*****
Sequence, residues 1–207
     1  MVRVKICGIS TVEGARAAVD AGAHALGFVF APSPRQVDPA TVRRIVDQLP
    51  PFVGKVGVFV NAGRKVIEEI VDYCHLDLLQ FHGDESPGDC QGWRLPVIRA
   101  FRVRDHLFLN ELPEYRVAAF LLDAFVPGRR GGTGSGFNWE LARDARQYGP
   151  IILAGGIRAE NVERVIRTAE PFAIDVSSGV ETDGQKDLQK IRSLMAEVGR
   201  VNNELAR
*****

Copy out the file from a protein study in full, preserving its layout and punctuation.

Sequence, residues 1–207
     1  MVRVKICGIS TVEGARAAVD AGAHALGFVF APSPRQVDPA TVRRIVDQLP
    51  PFVGKVGVFV NAGRKVIEEI VDYCHLDLLQ FHGDESPGDC QGWRLPVIRA
   101  FRVRDHLFLN ELPEYRVAAF LLDAFVPGRR GGTGSGFNWE LARDARQYGP
   151  IILAGGIRAE NVERVIRTAE PFAIDVSSGV ETDGQKDLQK IRSLMAEVGR
   201  VNNELAR